1984 was the last time it happened: Game 7 for all the marbles.
Back then I was deeply invested; now, not so much. To put it mildly, my passion for the N.B.A. has receded much like my hairline, and 26 years is a lot of receding. My inherited childhood love for the Celtics (and especially Larry Bird) is covered here. I own the deluxe Celtics DVD set and can –and do– still watch those seminal moments from my adolescent years with great enjoyment (and to this day Magic’s brilliant, unbearable “junior sky hook” in Game 4 still is metaphorical battery acid in my eyes).
If you remember the ’80s you can probably pick up what I’m putting down here (from the linked reminiscence, above):
Keep in mind, in the ’80s you were either a Lakers fan or you were a Celtics fan. There were other teams in the NBA, obviously, but for a long stretch of that great decade, it seemed like each season was an extended formality: we collectively bided our time until everyone else got out of the way and let the two teams go hammer and tong for the title.
Some things never change? Well, not really. No matter how much the media tries to hype it up, the Celtics/Lakers rivalry will never be what it was in the ’80s. It couldn’t be. The only thing comparable today is the Red Sox/Yankees, and even that has mellowed in the wake of Boston’s two world series titles this past decade.
So like I said, I’m not back on the bandwagon; I could mostly care less about the N.B.A. (although I feel it would be churlish of King James to leave Cleveland and hope for those long-suffering fans’ sakes, he does not make the mistake of his life and head for the 24/7 scrutiny that awaits him in the Big Apple. And, for the record, I think Kobe is a punk. As much as I loathed Kurt Rambis, you kind of reckon you could go have a beer with the dude; can anyone imagine Kobe having a beer with anyone? He seems like the kind of guy who can’t even have a drink with himself.)
So, in summary: do I care much about the N.B.A. these days? No. Have I been watching the finals? Yes. Do I want the Celtics to beat the Lakers? Duh.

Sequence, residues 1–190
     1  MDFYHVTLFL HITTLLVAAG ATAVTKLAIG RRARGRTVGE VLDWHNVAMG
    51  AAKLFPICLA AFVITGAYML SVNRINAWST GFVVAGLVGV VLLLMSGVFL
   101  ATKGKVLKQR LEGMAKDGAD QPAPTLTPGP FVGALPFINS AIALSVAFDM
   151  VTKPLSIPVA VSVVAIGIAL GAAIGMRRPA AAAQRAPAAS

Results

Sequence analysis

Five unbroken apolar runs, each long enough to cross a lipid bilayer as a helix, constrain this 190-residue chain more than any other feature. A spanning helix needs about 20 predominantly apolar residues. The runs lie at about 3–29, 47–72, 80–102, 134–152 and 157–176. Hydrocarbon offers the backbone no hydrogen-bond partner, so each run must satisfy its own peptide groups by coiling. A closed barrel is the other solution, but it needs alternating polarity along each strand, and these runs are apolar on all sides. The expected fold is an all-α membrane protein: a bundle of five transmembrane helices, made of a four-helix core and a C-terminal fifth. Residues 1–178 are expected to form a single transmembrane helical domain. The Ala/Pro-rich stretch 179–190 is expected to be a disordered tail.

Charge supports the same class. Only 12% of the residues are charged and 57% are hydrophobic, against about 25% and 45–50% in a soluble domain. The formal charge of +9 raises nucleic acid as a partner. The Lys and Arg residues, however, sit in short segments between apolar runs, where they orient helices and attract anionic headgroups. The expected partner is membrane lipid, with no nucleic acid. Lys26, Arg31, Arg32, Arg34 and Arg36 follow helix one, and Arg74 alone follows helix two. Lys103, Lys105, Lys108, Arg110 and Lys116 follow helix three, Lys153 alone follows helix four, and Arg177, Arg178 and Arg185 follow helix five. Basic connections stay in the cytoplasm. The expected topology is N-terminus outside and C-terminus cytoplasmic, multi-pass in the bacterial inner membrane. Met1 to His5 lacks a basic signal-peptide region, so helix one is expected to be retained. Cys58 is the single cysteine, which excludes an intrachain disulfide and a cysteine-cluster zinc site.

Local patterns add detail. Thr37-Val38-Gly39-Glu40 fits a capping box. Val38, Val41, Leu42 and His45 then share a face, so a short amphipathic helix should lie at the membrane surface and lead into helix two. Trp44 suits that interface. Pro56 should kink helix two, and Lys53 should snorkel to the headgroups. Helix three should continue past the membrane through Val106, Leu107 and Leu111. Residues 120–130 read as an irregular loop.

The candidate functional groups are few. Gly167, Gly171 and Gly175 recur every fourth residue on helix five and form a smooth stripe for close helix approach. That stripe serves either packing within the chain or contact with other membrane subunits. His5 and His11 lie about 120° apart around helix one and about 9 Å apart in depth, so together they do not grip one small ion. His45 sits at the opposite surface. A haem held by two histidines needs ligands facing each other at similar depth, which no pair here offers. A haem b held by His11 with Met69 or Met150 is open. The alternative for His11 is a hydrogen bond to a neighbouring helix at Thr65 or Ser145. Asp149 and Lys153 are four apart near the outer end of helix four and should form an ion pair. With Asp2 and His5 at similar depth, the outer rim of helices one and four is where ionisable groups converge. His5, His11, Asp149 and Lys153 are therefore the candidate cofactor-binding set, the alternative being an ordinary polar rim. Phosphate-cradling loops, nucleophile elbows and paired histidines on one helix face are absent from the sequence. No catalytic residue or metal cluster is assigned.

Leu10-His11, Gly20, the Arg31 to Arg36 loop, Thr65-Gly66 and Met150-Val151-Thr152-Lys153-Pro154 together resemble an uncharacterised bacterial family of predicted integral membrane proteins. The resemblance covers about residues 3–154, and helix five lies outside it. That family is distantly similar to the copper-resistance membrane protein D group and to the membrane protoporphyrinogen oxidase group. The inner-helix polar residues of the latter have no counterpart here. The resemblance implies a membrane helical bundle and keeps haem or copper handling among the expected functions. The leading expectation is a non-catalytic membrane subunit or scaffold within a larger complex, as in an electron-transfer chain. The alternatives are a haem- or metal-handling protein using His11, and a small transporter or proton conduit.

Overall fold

And so: is it fortuitous synchronicity or fate that I will find myself in Boston, tonight? It has nothing to do with the Celtics. Back in the deep dark of this unending winter my boy Teddy Ballgame (Boston resident and Red Sox fanatic) admonished me to make plans to get up to Fenway in June, on June 18. Why that date? It was the night Manny Ramirez, the clown prince and prodigal son, returned to Fenway. “I’ve already got tickets,” Ted said. “Enough said,” said I. “I also have tickets for Thursday night’s game, why not just make it a double feature?”
And so it is a man returning from L.A. that will put me in Boston while the team I used to worship battles for the title, in L.A. Who cares about the whys and wherefores: I’ll be there and there is nowhere I’d rather be tonight or tomorrow night.
A quick take on Manny being Manny. The best way I can articulate what fans were fortunate enough to experience during the recent Red Sox renaissance (that he and Pedro were largely responsible for) is: Manny being Manny.
No Manny, no World Series. In ’04 or ’07. There is so much to say about this (mostly) ebullient goofball who happened to be one of the best hitters in baseball history –and I’ll look forward to saying them at some point. For now, I’ll just reiterate that despite the occasional malingering and inscrutable self-defeating silliness, he was truly a joy to watch and I genuinely relished every single at-bat. Just watching the man in the box was something to savor; not many players you can say that about. And then, there was the type of drama he was capable of producing on the field. The type of drama that mattered.
My old man asked me if I thought Manny would get cheered or jeered in his first plate appearance Friday night. I told him I predict he’ll get a long, loud standing ovation. For all the fans (uber-hardcore or pink-hatted fair-weather) who –for whatever reason– think that the way he left town or the well-documented nonsense he initiated outweighs the considerable blessings he brought to Beantown, then sit on your hands and stew in your own bile. I know I will be on my feet and saluting the dude who brought as much delight to me as any other athlete did since I was a teenage diehard who bled Celtic green.